The group may have been small but the amount they got done was not! Working with contractors engaged by Blue Mountains City Council (BMCC) who prepared the holes ready for planting, 120 Blechnum nudum, Gahnia sieberiana and Lomandra longifolia were very quickly in the ground, watered and protected from frost and wind with tree fern fronds.
The students were so enthusiastic and energetic that once the plants were in, we had plenty of time to enjoy a cup of hot chocolate and some delicious, locally produced biscuits before walking to the lookout, guided by Monica from the Bushcare Team.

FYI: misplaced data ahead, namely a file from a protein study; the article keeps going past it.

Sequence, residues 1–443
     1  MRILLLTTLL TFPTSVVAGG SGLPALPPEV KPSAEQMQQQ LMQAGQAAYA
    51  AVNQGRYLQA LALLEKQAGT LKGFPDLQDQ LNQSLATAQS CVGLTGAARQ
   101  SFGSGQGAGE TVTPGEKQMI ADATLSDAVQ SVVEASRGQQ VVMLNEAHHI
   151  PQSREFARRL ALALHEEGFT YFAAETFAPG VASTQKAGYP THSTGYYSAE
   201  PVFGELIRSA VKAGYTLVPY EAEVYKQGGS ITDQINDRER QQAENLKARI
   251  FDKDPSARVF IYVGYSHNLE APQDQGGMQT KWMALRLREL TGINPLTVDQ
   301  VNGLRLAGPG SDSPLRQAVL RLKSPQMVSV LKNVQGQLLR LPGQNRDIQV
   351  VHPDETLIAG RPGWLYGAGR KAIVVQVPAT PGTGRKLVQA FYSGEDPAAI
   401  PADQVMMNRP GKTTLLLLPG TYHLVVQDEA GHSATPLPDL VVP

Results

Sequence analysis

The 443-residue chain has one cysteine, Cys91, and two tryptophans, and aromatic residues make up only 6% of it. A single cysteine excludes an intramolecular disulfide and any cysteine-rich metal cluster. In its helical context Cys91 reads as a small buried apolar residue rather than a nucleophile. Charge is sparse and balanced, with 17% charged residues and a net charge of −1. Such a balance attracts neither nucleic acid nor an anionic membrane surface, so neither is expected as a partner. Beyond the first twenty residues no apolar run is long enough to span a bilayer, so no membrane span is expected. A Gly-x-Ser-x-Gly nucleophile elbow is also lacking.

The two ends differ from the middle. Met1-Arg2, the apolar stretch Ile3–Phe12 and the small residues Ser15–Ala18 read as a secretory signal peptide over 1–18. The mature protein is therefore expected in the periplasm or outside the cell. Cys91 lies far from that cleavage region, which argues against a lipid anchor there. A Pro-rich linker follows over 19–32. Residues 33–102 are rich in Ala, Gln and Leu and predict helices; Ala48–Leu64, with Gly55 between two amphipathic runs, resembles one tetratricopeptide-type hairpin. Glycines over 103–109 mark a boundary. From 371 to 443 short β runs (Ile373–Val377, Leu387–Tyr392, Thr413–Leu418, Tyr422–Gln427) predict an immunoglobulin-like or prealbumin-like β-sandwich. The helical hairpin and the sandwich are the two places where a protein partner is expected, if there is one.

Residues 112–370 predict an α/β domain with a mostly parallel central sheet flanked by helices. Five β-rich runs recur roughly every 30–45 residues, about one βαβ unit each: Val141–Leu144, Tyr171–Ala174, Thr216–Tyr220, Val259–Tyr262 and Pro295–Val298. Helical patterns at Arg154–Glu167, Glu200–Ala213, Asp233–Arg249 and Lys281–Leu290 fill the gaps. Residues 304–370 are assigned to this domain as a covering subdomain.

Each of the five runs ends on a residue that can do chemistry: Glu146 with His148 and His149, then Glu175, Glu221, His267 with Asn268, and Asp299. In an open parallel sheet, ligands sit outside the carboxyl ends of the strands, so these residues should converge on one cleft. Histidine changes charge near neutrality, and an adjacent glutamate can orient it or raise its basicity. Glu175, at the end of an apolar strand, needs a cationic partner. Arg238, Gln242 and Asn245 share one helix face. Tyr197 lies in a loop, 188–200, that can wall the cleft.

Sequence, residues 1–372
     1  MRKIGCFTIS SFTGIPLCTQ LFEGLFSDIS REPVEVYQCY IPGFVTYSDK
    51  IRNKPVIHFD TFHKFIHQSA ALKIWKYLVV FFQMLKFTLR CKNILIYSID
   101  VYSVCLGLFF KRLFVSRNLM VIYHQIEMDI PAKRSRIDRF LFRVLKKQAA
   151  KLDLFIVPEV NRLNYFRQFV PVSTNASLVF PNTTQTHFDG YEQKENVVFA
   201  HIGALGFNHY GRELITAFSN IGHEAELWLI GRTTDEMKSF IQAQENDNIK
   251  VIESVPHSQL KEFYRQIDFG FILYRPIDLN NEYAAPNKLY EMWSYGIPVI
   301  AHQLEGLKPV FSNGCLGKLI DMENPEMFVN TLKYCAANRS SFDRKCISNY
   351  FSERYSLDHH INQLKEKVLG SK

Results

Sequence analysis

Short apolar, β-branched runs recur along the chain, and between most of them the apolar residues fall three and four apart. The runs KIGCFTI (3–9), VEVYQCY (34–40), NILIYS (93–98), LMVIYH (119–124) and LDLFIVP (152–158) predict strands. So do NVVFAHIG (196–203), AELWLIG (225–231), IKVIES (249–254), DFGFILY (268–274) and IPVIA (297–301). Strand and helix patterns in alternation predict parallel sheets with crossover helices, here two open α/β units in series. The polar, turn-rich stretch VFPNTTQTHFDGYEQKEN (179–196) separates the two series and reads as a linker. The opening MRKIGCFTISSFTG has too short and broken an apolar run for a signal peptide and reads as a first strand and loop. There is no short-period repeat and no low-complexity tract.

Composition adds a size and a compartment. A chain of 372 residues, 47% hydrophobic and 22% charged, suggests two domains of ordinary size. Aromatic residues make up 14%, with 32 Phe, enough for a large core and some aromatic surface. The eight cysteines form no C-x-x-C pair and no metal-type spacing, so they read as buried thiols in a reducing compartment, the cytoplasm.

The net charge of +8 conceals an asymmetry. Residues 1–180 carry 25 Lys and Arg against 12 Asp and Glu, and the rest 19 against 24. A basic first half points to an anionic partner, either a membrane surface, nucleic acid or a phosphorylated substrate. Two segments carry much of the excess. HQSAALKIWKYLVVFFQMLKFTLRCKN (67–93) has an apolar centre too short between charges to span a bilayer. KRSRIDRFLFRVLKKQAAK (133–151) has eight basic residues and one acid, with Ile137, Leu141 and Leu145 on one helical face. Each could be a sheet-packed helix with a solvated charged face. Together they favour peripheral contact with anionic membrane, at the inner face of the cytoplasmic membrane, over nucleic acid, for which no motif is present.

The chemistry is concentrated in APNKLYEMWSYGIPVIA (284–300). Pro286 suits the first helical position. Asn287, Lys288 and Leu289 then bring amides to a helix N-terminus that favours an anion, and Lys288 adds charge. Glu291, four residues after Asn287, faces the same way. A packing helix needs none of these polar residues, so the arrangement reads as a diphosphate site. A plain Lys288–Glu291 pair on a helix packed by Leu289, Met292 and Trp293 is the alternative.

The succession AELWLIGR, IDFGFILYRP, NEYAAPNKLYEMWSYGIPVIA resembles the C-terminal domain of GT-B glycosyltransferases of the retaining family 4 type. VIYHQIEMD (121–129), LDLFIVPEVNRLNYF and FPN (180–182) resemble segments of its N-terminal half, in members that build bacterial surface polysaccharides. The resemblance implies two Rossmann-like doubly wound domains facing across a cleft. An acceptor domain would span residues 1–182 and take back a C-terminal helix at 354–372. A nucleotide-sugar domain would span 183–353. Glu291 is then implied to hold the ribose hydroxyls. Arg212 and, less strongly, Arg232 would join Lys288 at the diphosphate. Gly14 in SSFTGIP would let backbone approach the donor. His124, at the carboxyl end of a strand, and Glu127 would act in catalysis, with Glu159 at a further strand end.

Hopefully this was just the first of many more days such as this one, which not only showcased one of our local icons but also the wonderful work that BMCC is doing to protect the World Heritage on our doorstep
Vincent shows us how its done
Edol, Mindy, and Vincent wasted no time getting in amongst it